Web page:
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Family weddings can cause tensions: Ellie

Q: My wife and I met online and have been together ten years. When we met, we had no expectations. We lived in cites five hours apart, and talked online for two months before meeting.

It gave us time to get to know each other. I can’t imagine keeping up a lie for two months, so for us it worked.

However, I don’t think online dating is for everyone. Many guys expect the women they meet to look like the models who advertise the sites. And a lot of women expect all the men to look like they could star in the Magic Mike sequel.

I faced lots of rejection initially, in reaction to little things like my refusing to discuss how much money I made, to bigger ones like the fact that I’m a smoker.

There’s still a stigma to online dating from the horror stories we hear, but if you’re honest, and upfront about yourself (and so is the person you’re talking to), you have a fighting chance.

With women, the biggest negative I found was lying about their weight. Most men know that women aren’t all rail thin, but when you describe yourself as 125 lbs. and you show up weighing 185 lbs., well…. just be honest.

Lastly, once you’ve been dating someone for one month, delete your profile from the site. It’s not difficult to add it again later, should things not work out. But keeping the profile suggests that you’re waiting for something else to come along.

Married Online

A: Today’s online daters need to be even more wary of ballooning expectations. There are far more dating sites and the whole system’s far more popular, so more people of every type — honest and otherwise — are scanning profiles, and looking for the “Big Score” which can mean marriage, or can mean taking advantage of someone else’s naïveté and trust.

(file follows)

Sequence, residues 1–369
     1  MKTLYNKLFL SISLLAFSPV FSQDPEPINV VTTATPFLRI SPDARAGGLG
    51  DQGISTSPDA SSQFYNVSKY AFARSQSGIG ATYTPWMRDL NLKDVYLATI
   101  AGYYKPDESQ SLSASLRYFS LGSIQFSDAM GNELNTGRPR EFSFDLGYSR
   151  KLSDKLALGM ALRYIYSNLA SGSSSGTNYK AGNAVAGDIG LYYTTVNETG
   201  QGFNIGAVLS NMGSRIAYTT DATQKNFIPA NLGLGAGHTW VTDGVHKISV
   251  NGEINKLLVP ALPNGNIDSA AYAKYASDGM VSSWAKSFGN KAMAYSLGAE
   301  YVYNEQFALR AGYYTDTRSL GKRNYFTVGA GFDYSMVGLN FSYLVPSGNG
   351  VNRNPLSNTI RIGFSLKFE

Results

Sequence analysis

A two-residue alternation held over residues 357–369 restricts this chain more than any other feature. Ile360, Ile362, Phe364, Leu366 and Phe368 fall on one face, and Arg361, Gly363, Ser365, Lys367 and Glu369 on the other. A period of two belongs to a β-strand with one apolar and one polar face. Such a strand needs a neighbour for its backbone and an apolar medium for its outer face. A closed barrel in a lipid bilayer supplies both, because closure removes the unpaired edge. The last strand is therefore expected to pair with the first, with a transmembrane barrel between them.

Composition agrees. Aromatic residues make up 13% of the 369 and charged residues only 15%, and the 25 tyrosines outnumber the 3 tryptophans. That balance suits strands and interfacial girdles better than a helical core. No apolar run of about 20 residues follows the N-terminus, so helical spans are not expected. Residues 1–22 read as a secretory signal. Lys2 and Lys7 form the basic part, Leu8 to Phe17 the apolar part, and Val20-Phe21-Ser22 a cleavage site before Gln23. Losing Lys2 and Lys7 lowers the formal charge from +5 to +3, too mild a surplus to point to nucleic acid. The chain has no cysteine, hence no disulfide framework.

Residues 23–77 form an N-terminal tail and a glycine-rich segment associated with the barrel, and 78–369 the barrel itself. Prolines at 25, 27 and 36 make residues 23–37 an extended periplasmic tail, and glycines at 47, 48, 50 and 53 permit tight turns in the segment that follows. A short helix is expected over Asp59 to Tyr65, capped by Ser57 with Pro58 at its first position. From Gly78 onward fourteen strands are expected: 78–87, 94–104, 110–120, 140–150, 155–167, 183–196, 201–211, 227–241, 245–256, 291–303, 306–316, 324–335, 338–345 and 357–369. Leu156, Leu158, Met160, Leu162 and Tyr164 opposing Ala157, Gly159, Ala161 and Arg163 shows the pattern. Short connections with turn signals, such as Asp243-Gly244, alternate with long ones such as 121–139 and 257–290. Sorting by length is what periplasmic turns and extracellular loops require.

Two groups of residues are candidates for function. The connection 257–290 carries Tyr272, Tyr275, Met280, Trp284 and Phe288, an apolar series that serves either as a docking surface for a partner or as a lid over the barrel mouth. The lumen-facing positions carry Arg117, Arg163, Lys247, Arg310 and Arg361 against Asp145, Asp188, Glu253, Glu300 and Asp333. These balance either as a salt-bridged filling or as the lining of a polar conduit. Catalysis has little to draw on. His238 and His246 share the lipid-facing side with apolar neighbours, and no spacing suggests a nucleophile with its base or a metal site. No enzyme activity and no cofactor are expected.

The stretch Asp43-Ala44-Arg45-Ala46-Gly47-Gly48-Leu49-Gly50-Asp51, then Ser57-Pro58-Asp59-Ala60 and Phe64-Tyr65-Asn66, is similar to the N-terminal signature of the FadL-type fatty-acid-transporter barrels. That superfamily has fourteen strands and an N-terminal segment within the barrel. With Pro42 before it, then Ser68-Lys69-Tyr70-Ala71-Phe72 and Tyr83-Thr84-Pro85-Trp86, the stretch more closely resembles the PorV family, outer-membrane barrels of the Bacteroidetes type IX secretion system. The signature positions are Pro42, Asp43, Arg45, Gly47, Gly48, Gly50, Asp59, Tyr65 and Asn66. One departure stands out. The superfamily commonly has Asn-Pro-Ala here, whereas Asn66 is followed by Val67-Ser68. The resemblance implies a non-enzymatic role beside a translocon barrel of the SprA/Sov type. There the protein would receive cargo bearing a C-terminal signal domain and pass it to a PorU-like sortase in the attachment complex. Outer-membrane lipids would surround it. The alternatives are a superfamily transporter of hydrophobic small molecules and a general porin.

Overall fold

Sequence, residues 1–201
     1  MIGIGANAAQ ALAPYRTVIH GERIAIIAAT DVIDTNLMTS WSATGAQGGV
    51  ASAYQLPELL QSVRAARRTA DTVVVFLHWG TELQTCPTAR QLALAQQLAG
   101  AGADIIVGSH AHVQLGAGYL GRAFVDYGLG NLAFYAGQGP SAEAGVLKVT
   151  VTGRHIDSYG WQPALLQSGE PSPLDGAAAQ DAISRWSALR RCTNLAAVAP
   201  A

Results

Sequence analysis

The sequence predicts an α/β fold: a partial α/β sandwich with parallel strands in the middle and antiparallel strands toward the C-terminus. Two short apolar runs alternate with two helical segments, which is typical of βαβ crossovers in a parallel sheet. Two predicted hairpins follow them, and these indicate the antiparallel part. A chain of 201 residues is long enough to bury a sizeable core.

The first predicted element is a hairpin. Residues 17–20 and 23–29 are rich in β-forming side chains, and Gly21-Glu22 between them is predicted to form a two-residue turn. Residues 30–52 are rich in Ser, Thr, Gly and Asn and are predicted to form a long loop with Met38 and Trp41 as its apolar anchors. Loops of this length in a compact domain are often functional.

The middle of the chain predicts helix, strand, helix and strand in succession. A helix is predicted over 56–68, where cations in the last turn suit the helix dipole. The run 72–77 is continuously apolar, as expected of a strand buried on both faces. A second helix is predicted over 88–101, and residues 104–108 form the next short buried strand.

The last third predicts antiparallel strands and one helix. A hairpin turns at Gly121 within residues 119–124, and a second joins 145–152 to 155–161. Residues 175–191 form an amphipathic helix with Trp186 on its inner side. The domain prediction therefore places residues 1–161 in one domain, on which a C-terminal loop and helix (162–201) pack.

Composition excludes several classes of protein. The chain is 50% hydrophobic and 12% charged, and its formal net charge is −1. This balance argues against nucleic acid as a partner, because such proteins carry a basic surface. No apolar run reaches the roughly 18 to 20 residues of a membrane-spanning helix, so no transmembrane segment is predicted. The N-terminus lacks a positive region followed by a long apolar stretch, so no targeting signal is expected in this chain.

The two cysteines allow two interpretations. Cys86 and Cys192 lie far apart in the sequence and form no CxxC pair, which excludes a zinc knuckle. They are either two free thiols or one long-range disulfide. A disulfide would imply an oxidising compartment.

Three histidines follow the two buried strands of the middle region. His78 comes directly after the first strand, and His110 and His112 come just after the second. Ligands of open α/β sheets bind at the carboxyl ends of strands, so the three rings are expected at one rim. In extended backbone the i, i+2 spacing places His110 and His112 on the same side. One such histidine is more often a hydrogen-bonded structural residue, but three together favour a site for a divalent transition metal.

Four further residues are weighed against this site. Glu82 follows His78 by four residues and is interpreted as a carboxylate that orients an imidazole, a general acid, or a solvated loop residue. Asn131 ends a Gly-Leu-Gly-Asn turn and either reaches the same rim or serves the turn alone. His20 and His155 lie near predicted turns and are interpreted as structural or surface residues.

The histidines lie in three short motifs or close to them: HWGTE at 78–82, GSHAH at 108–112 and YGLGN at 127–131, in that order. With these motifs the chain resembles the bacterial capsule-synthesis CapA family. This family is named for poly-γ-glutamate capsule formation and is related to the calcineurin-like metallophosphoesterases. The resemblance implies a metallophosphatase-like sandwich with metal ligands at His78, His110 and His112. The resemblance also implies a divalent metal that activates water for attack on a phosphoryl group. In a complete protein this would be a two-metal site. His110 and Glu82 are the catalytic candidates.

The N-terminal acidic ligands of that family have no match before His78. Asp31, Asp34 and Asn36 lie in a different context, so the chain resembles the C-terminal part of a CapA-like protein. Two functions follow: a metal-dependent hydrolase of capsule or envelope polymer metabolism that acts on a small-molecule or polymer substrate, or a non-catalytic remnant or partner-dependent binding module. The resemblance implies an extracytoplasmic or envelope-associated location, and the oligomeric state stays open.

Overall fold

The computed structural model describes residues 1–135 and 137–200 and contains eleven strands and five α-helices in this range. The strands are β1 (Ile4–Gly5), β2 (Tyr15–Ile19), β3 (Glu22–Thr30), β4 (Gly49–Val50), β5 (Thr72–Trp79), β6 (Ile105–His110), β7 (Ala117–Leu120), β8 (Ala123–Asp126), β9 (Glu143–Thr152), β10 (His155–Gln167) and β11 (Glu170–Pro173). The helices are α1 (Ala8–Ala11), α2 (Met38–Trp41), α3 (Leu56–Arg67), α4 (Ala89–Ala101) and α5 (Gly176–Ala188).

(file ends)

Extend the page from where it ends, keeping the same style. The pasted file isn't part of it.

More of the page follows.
Some people are still looking for models and billionaires, but, realistically, few of either category need dating sites to find potential mates.

Stay alert.

Q: When my niece called to announce her engagement, I asked if cousins were being invited. I have two daughters plus several nieces, so was delighted to hear they’d be able to celebrate together.

However, when the invitations were sent, my youngest daughter was excluded. She’s 30, and lives nearby. The bride invited my older daughter who lives overseas.

My husband offered to trade places with our younger daughter.

The bride sent him a heartfelt email saying he was kind to offer, but no, she wants the guests to be people with whom she has a relationship in her present life.

I asked my younger daughter how she’d feel if left out, and she said “sad.”

I told my niece that out of respect for an aunt, she should’ve invited either both my children or neither.

It’s caused a lot of pain for my husband and me. We understand it’s her wedding, but we feel brides shouldn’t use their day to exercise likes and dislikes.

Nothing has been gained from this situation.

Please remind brides to think carefully before sending out or omitting invitations.

Hurt Family

A: The hyped-up wedding industry has self-servingly created a culture of “Bride’s Rights” (whether right or wrong).

BUT, it’s short-term thinking. If family’s an important part of the guest list, and the couple expect family support through the future, singling out one relative to omit is not only hurtful, but also foolish.

It eventually bites back at the bride and groom.


Online dating provides open-ended opportunity for the sincere as well as the scammers.

Read Ellie Monday to Saturday. Email Ellie chats at noon Wednesdays, at the Follow @ellieadvice. – Living